It’s tough moving into a big city after living in the confines of a small community; the lights are brighter, the people are louder and the pressure to be somebody is greater. From the moment I moved into my new apartment, it was obvious I had a lot to learn, from getting used to the loud neighbours partying to ungodly hours in the morning, to making sure I turned my work in on time in my new career as a critic. San Myshuno is a big city, and there’s plenty to do; whether you want to explore the entertainment or soak up the culture, there’s something for everyone, even if it’s a bit overwhelming at first.
San Myshuno is a separated into four districts, each with its own personality. The Spice Market has some basketball courts to practice your moves on, the Arts Quarter features a rather suave art gallery, the Fashion District is where you can visit the delightfully tacky Planet Honey Pop karaoke bar and Uptown is the kind of place where money is the only language you need. There’s always plenty to do when you’re not working, and visiting places like the Myshuno Meadows offers some opportunities for the romantic among you.
There are some clear price differences in rent across San Myshuno, especially if you want to live Uptown. My first apartment was 18 Culpepper House in the Spice Market. It wasn’t the best apartment, and the landlord had to do a fair share of maintenance, but it was my home. If you do want to move to nicer living quarters, expect to play a whopping £3500 a week to live in the Alto Apartments, or $1000 a week to move to the Jasmine Suites in the Arts Quarter. Apartments get much nicer as you move upmarket, and with enough money, you can add some fancy new furniture or equipment exclusive to The Sims 4: City Living. Every one of the apartments comes with Lot Traits, which affect gameplay and add different outcomes to how your story unfolds. For example, my apartment on Culpepper was apparently haunted, and the landlord had a plaque in the apartment I wasn’t allowed to take down. New Lot Traits become available and you can change them, adding a nice new way to experience city life.
There are 3 new careers in City Living, and they are very modern, current paths for you to take. You could become a Politician and fight the good fight, or work as a Social Media trend-setter and become far too popular for your own good. I chose the third career, the Critic. I started off as a paper deliverer, then progressed up the ranks past story researcher and beat reporter to checking out the finest art and food San Myshuno has to offer. One of the best features about these new careers is having the option to work at home. Whether you can’t be arsed to go into work, or you’d rather meet up with some pals for a coffee, working at home lets you do both, but making sure you complete your workload is important. I got pretty distracted by making friends, completely forgetting I was supposed to be writing a column and reading a pile of books that I never managed to finish.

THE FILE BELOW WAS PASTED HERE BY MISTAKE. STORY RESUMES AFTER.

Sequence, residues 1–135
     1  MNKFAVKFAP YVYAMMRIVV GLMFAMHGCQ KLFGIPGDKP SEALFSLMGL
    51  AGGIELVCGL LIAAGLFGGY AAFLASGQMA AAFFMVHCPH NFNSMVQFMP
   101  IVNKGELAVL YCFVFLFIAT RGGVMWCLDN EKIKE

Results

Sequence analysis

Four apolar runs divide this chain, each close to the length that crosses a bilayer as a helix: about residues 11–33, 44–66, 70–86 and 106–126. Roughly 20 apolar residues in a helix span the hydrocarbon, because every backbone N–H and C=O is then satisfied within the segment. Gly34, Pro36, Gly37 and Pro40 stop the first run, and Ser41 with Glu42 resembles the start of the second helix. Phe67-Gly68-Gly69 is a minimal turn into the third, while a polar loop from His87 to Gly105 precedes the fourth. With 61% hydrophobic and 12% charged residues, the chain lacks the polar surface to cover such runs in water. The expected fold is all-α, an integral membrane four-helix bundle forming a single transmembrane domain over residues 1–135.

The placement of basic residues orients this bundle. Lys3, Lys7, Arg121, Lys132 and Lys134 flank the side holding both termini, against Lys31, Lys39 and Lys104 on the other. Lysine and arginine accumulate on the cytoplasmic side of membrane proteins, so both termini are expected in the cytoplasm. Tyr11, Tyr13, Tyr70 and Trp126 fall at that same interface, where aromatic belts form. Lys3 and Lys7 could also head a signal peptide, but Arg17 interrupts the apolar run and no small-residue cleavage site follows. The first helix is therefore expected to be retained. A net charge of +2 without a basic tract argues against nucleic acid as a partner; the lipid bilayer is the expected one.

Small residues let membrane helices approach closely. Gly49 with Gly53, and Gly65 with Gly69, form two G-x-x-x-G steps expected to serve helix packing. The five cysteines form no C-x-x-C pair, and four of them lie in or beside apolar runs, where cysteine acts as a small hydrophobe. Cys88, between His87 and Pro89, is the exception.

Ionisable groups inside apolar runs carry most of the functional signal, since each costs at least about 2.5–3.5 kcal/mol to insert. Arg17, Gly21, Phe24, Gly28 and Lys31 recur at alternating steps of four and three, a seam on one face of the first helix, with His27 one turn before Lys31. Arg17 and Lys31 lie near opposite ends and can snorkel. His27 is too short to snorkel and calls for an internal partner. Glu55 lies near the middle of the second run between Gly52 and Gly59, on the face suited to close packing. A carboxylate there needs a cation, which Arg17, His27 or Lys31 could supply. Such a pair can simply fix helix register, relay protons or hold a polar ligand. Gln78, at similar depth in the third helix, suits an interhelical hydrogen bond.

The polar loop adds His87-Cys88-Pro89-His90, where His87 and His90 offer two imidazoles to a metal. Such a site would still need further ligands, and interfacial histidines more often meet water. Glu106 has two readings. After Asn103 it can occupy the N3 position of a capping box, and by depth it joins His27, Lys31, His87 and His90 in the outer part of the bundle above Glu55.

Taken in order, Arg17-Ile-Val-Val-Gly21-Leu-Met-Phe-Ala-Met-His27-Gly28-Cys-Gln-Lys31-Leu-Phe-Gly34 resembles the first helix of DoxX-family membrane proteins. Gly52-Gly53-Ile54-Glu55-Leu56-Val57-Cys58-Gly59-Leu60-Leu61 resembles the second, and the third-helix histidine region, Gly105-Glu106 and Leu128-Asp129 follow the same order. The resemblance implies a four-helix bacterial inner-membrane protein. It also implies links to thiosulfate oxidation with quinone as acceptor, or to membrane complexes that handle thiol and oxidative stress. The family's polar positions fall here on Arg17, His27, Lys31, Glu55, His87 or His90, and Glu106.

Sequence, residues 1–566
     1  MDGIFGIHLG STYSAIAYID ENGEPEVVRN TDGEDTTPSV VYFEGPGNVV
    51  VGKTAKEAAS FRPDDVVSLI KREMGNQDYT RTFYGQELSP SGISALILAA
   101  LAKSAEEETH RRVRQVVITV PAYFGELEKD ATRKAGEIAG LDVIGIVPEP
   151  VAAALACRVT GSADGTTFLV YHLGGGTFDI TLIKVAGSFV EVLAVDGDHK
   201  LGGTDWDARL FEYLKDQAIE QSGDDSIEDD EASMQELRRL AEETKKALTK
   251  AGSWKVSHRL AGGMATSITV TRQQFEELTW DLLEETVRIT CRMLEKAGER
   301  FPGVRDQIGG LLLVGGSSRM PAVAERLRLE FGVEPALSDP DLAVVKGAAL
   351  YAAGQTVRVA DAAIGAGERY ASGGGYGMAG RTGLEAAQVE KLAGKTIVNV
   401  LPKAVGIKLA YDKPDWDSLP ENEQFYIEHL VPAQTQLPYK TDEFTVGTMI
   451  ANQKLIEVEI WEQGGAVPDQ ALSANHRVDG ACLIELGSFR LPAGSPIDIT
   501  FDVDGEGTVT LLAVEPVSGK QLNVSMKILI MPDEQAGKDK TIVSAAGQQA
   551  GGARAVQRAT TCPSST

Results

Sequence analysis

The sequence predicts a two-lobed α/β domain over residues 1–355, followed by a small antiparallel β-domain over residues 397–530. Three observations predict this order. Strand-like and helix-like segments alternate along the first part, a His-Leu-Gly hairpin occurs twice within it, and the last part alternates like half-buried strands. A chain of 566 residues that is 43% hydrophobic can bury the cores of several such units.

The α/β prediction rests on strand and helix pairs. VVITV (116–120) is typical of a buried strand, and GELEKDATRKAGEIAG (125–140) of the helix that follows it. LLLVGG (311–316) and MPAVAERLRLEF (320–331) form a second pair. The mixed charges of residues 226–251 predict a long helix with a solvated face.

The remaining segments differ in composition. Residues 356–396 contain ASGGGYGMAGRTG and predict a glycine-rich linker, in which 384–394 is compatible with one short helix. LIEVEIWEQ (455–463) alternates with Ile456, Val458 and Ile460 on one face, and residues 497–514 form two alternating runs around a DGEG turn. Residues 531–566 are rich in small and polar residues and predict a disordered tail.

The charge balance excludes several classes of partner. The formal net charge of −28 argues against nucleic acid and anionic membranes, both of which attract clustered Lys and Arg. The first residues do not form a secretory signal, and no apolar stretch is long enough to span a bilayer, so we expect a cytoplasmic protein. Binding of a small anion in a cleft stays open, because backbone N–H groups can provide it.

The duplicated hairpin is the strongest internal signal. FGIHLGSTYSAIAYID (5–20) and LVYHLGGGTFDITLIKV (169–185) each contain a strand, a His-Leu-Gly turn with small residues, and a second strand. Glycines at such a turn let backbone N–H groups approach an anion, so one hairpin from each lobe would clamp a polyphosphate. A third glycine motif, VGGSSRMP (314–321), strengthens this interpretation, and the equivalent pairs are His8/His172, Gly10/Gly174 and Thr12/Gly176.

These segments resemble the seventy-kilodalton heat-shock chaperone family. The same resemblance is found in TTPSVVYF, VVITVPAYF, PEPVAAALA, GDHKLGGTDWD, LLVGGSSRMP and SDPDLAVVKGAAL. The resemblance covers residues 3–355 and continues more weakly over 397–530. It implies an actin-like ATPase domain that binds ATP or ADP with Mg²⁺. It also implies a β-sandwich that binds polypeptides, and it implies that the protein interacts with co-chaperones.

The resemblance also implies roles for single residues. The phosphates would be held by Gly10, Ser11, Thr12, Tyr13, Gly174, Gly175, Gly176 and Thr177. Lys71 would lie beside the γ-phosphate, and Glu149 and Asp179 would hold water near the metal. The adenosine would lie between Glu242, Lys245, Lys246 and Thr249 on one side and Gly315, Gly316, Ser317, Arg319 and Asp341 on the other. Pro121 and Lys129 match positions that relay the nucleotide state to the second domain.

In The Sims 4: City Living, you feel like more of a member of a community, or like you’re on an episode of Friends. People knock on your door and ask if you want to hang out, others will invite you to some of the city’s wonderful festivals and others just want to chat on the phone. I spent the first few days in San Myshuno sitting in my apartment, alone, because I’m not a very social person anyway. After a knock on the door, I started talking to Arun and Jesminder (two wonderful people by the way) and we arranged to have a party in one of the Alto Apartments. We drank, chatted, played video games and had copious amounts of food; it was great fun and it made my time in this beautiful city mean something.
On other occasions, my new girlfriend Katrina Caliente and I visited many of the festivals that the City Living expansion pack has to offer. We went to a Romance Festival at Planet Honey Pop and spent loads of time chatting, tried some great food at the Humour and Hijinks’ Festival as well as singing pretty atrociously, and Geekcon, where we played games and had a go in the rocket ship. There’s also a Flea Market where you can shop for treasures, rummage around for exclusive collectables only available in San Myshuno and sell your own stuff by setting up your own stall. There’re fireworks, stand-up comedy, street performers and plenty more for you and your sim friends to enjoy and participate in, with more than enough opportunities to meet many of the diverse residents living in San Myshuno. The festivals aren’t on 24/7, so you’ll get time to enjoy them equally; they’re a great addition to The Sims 4, even if there were too many blokes at them with those damn man buns.
City Living is huge, providing a real sense of enormity and making this expansion the closest thing The Sims 4 has seen to an open world. You’ll meet lots of different people, make friends or even fall in love (and give them the key to your apartment), taking in the sites of the gorgeous and vibrant city. There are a few bugs, and the framerate can drop from time to time; I remember dancing with Kat (my bae) in the restaurant of the art gallery, and as she turned, she flew into the kitchen sink and got stuck. I also went for a few morning jogs which resulted in me disappearing for a short while with no idea where I went, even after attempting to lock onto my sim. I also noticed quite a lot of poor load times between visits to all the areas and it got a bit annoying sometimes, especially if I was only travelling a short distance. Regardless, these issues aren’t enough to take away from the great amount of fun you’ll have exploring and interacting with all that City Living has to offer.
San Myshuno is a wonderful city
Festivals are beautifully designed and full of opportunities
New career paths offer new and exciting challenges
Some annoying bugs
Load times are a bit annoying